Everyone knows that glucose is the main fuel for the brain. About 100 grams of this substance a day consumes a human brain weighing 70 kg. About 20–25% of the daily caloric content of a diet is spent on brain activity during intense mental work. The brain needs about 400–500 kcal to maintain vital functions, signaling and reproducing elementary operations. These figures sometimes grow twice and with increased mental activity. Most of all calories are spent if you force a person to solve unusual tasks.
We can feed the intellect only by getting glucose directly from the blood. And it can get into two ways – with food and from the strategic reserves of the body. Also, glucose can be produced by the body from amino acids. We’re gonna explain it in more detail.
Glucose from stocks. It accumulates in the body, in the liver, and muscles as glycogen. And it is the liver reserves glucose intended for the brain, the muscles accumulate reserves for themselves. Insulin inhibits the breakdown of glycogen – this decomposition begins only after the fall of glucose in the blood and reducing the synthesis of insulin. On the contrary, stress contributes to the burning of these stocks.
Glucose from amino acids. The body can use this protein from the food, and in extreme cases coming from muscles. Thus, it is possible to synthesize about 400 g of glucose per day. But it is important to understand that if you don’t eat carbohydrates at all, this process will turn on 10 hours after eating protein foods and gain momentum by the end of the second day.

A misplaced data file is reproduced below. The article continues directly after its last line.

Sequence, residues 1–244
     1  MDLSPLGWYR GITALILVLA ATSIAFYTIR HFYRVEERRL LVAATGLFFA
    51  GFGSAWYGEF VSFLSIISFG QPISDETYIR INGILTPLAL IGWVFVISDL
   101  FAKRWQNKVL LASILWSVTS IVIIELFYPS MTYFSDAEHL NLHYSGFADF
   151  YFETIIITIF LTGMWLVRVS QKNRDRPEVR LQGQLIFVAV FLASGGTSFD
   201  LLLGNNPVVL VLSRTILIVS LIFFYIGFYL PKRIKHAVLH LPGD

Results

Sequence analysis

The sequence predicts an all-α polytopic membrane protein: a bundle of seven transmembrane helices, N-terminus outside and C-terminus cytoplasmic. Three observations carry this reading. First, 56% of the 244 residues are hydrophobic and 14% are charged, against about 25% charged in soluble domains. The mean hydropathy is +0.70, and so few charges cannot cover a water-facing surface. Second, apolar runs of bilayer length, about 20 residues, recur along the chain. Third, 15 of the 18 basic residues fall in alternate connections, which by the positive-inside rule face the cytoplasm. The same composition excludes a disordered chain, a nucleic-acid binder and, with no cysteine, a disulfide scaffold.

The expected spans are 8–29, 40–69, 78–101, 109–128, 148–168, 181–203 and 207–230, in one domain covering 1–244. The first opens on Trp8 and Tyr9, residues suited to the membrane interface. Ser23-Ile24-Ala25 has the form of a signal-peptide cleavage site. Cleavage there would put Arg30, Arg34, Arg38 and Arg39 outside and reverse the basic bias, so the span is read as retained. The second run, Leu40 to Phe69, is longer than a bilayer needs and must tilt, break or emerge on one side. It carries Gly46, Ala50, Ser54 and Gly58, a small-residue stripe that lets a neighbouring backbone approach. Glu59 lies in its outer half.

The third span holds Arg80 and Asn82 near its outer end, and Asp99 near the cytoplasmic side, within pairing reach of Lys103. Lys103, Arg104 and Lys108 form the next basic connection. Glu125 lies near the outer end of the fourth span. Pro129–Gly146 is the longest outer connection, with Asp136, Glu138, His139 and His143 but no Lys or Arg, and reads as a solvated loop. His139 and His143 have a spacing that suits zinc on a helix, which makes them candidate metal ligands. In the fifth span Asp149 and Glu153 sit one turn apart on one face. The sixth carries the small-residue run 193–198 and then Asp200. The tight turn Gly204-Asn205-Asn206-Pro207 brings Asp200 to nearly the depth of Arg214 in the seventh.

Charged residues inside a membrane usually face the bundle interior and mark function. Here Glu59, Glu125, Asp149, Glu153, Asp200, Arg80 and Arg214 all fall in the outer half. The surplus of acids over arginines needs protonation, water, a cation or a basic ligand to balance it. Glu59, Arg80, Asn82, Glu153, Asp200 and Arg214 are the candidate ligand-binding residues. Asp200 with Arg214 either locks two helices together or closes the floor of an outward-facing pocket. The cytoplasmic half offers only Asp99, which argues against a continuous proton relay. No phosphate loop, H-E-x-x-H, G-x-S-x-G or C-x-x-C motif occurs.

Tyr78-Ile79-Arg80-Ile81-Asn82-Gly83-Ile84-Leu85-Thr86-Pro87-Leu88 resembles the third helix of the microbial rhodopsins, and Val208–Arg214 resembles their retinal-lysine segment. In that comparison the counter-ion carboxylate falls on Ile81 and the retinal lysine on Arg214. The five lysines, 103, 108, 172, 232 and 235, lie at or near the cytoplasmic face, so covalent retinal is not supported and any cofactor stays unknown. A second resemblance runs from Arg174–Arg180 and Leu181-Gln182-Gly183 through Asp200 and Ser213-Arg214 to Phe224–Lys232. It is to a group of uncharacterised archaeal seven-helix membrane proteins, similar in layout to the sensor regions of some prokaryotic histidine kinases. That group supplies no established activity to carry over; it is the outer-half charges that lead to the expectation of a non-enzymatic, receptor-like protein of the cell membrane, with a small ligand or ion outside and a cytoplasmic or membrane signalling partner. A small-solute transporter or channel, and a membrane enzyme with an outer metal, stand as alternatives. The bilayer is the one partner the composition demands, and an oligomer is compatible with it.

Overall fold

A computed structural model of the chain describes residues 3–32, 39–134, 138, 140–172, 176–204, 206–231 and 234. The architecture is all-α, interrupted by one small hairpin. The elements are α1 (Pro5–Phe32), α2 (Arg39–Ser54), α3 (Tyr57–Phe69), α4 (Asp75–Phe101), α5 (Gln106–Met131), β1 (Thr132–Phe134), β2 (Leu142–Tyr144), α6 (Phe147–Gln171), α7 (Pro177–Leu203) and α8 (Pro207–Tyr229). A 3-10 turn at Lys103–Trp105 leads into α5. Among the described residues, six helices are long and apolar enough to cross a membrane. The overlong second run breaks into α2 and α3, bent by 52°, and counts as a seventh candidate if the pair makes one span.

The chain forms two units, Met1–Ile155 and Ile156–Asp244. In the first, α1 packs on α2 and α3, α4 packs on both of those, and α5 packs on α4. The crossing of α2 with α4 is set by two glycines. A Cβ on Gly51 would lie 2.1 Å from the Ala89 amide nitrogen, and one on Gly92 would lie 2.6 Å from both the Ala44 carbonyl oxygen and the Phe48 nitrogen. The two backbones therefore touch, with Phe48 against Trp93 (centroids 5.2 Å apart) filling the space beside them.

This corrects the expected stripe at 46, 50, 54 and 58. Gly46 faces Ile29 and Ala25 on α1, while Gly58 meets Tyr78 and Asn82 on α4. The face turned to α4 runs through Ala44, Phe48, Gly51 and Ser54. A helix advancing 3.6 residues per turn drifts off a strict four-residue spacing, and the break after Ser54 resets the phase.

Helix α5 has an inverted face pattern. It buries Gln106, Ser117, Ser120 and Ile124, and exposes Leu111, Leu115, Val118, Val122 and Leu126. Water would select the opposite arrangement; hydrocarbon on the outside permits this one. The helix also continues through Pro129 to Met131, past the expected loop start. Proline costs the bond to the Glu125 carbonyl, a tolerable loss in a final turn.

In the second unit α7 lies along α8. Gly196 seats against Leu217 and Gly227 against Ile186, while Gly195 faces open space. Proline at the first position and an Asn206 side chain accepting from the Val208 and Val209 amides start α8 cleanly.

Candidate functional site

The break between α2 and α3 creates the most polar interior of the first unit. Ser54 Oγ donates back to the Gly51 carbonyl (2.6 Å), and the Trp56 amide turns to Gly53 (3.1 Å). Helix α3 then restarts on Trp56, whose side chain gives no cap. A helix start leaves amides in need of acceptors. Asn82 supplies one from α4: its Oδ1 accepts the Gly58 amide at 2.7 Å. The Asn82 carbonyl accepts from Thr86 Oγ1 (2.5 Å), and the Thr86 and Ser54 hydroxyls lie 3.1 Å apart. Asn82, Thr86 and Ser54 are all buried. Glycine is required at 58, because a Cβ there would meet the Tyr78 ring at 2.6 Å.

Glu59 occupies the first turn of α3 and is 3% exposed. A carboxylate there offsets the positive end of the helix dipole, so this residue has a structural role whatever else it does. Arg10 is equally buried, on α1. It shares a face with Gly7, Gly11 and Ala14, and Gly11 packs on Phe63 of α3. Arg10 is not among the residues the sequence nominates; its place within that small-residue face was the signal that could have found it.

Therefore, even if you follow a low-carb diet in a period of high intellectual activity, the brain will receive fuel in abundance. Both glycogen stores and glucose synthesis will be use from amino acids. The only exceptions are cases when your brain work a lot and still exercise at the gym until exhaustion. What does this mean? Only that additional sweets besides the dose of carbohydrates measured in a rational diet do not need a person!
Naturally – does not mean useful
If many people are wary of refined sugar, fructose seems to be completely harmless. However, it is not.
Fructose refers to simple carbohydrates, but it differs in its action from sucrose. Fructose does not stimulate the release of insulin, however, in terms of caloric value, it is comparable to sugar. This sweetener contributes to the appearance of extra pounds even more than sucrose, because the excess fructose is sent straight to the fat reserves.
In addition, the abuse of fructose alters lipid metabolism in such a way that visceral fat begins to be deposited to a greater extent in the body. It surrounds the internal organs, including the heart, violating their functions.